By Daniel Larios
August 19, 2014 – Eight anti-airport activists filed a second lawsuit Friday in an effort to ground a ballot measure that would require voters to approve any change of use at Santa Monica’s century-old airport.
The lawsuit alleges that the City Attorney’s impartial analysis is favorable to the measure, that both the analysis and measure are misleading and that the measure itself is unconstitutional.
It is the second time airport foes file a lawsuit trying to bar the initiative backed by the Aircraft Owners and Pilots Association (AOPA). The first, filed in May, is set to appear before a judge on August 26.
“Under Elections Code §9295, any Santa Monica voter may petition for writ of mandate or injunction to ‘amend or delete’ ballot materials, including the City Attorney Impartial Analysis prepared pursuant to Election Code §9280,” the lawsuit reads. “Petitioners are all Santa Monica voters.”
The hearing for the suit is scheduled for Friday morning.
Defendants include LA County Clerk Dean Logan, Santa Monica City Clerk Sarah Gorman, the City Attorney Marsha Moutrie, the City Council and those who filed the ballot petition – Lauren McCollum, Nikos Kokotakis and Flora Lin.
Attorney Jonathan Stein, who heads the Sunset Park Anti-Airport, Inc. (SPAA), states in the lawsuit that Moutrie failed to include the fact that the measure originated from an initiative petition process, which he says “is important to prevent voter confusion for two reasons.”
“First, the City Council put a competing ballot measure on the same November 2014 ballot,” Stein writes in the suit. “The City Attorney does fulfill the statutory requirement when analyzing the City-sponsored Competing Ballot Measure, stating ‘this measure, placed on the ballot by the City Council.’”
“And second, during the signature gathering campaign to qualify the AOPA Ballot Measure, signature gatherers made repeated misrepresentations that AOPA Ballot Measure was in fact sponsored by the City,” he added. “Dozens of the misrepresentations were caught by volunteers monitoring the signature gathering process.
“That ‘word of mouth’ has circulated broadly in the community and increases voter confusion.”
The lawsuit also alleges that the measure’s voting requirement for any change to airport land as described by the Impartial Analysis is a “cover-up of the violently anti-democratic aspect” of the AOPA-backed measure, stating that the original measure requires a majority of total registered voters, rather than a majority of voters who show up to the polls.
“[It] re-writes the AOPA Ballot Measure language,” claims Stein in the suit. “It implants new and different words, ‘a simple majority of those actually voting,’ in place of the actual language of the AOPA Ballot Measure, ‘majority of the voters of the City.’”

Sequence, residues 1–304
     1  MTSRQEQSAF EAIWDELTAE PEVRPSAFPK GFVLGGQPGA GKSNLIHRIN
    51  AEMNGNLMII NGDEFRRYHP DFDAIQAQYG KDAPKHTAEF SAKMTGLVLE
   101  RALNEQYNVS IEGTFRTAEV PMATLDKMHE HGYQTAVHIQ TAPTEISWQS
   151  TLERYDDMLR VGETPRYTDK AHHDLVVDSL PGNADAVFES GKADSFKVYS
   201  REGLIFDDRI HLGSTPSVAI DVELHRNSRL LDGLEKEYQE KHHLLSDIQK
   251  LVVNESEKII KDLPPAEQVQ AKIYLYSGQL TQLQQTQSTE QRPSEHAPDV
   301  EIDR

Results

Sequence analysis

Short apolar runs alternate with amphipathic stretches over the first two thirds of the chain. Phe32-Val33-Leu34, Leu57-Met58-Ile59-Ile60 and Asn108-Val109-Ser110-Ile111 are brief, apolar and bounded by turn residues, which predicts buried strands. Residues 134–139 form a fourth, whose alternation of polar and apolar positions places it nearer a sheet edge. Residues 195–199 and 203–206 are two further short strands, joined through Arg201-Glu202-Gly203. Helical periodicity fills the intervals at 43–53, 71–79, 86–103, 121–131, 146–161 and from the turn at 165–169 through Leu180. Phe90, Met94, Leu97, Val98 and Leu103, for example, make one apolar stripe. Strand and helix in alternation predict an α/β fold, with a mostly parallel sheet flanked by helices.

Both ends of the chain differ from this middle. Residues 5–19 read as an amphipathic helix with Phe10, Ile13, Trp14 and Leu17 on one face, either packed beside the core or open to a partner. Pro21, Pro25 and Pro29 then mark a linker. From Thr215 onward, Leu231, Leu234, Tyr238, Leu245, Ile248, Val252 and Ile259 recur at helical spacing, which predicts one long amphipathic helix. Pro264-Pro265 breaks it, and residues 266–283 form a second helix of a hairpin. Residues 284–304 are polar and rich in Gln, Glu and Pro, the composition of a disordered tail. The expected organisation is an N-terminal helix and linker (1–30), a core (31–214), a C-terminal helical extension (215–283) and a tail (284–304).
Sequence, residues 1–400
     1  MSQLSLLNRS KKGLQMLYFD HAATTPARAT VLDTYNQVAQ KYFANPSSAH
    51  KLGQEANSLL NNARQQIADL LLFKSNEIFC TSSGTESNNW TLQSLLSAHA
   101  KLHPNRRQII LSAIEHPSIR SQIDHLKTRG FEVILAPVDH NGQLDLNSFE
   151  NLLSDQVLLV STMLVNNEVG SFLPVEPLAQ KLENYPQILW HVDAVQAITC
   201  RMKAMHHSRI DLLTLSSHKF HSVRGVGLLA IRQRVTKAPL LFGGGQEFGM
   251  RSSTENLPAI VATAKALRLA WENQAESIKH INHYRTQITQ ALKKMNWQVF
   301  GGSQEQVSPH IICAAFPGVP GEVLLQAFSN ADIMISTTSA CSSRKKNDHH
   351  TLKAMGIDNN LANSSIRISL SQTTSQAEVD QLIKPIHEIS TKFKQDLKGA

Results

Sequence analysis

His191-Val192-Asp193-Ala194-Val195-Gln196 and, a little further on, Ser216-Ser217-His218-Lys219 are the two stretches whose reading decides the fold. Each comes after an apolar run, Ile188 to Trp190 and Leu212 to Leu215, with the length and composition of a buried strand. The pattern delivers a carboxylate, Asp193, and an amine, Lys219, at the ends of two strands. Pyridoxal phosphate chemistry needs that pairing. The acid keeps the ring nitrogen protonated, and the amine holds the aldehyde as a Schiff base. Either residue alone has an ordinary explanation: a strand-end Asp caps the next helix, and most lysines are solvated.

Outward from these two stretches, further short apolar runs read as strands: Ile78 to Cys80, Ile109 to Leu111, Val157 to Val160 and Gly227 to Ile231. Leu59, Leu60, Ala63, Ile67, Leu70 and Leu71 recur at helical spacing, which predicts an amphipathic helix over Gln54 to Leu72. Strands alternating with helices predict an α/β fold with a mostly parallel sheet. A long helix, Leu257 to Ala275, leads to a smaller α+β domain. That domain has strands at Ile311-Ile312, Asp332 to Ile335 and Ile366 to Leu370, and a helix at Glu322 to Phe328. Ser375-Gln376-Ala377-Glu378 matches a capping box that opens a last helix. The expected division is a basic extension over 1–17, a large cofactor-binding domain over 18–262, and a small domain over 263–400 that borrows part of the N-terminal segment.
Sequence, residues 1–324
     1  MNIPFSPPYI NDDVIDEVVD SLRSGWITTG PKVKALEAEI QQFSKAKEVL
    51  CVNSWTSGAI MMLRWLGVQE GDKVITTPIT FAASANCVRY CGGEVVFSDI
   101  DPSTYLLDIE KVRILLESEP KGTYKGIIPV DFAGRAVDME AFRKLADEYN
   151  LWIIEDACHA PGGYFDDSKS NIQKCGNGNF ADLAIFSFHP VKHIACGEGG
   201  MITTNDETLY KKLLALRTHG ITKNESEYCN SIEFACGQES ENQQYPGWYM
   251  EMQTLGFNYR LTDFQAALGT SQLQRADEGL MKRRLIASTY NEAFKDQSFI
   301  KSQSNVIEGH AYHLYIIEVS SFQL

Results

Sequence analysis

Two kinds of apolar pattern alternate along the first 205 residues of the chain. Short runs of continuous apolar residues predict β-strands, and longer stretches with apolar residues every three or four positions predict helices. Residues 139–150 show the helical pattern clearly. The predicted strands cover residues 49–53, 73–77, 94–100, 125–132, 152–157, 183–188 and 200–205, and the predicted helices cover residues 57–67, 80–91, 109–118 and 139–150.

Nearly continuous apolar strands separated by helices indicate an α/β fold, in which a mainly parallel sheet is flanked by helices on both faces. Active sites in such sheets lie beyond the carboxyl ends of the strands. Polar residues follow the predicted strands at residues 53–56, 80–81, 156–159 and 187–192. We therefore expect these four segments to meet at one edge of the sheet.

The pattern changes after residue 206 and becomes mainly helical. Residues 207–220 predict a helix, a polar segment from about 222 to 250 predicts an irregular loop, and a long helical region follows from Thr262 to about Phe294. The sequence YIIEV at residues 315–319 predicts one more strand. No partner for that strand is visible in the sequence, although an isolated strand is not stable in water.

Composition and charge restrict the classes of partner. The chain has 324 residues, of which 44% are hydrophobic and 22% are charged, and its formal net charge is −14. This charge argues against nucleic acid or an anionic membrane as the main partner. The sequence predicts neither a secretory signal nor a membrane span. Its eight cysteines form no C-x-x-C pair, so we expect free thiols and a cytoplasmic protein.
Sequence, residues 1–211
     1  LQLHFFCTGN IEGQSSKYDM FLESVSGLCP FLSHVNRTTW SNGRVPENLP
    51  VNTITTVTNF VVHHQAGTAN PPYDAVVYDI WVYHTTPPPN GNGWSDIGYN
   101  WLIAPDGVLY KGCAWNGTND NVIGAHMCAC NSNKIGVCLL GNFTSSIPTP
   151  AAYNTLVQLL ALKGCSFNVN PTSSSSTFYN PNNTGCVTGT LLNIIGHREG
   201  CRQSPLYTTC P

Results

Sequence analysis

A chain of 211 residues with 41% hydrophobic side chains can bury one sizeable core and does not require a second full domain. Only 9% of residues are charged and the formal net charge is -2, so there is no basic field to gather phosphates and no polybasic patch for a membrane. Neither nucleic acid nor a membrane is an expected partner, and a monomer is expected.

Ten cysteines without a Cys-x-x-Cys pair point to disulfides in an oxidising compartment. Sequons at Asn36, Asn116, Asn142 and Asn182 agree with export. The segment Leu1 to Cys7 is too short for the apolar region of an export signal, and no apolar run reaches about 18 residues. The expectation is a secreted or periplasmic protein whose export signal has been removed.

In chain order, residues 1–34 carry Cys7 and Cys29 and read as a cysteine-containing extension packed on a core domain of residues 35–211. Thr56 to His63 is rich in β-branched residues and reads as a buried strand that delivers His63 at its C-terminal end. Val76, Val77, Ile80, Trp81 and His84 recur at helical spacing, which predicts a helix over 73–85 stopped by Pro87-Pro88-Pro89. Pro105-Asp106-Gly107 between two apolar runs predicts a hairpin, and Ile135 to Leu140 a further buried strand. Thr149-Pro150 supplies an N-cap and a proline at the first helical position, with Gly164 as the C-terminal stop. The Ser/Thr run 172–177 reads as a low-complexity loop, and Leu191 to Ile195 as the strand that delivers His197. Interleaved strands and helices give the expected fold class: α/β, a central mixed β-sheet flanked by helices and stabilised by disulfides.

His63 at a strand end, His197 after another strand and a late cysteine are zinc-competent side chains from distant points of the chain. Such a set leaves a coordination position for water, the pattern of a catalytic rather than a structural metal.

Stein believes that if the measure passes, this gives pro-airport activists a loophole for any voter-approved decisions on airport land.
“Given the 63,000 registered voters in Santa Monica, over 31,500 would have to vote ‘yes’ in a future ballot measure to change the status quo at the Airport,” he added. “That has happened only once in eleven Santa Monica ballot measures since 2002.”
The City Attorney’s office could not comment on pending litigation.
The ballot battle was sparked when the City Council unanimously voted on March 25 to take steps to shut down airport when the City’s agreement with the Federal Aviation Administration (FAA) expires next year.
Two days later, supporters of the century-old airfield filed paperwork with the City Clerk's office to place an initiative on the November ballot.
On May 13, the City Council voted unanimously to combat the ballot initiative drive with a ballot measure of its own. The measure council directed staff to draft would “require voter approval for any significant change in the use of the land,” but it also “would protect the City Council’s discretion to manage the Airport.”
In June, airport supporters submitted approximately 15,704 signatures to the City Clerk’s Office, qualifying for the ballot in November.
Stein concludes the suit by noting how divisive the airport issue is.
“Emotions run deep, and set neighbor against neighbor,” he writes. “Both pro- and anti-Airport groups feel they are defending an irreplaceable part of their lives.
“Anti-Airport activists feel they are defending their homes, families, and especially children. They are forced to breathe leaded molecules known to cause brain development problems, and ultrafine particulates known to cause cancer in later life.
“Pro-Airport groups feel they are defending one aspect of personal freedom which America promises.”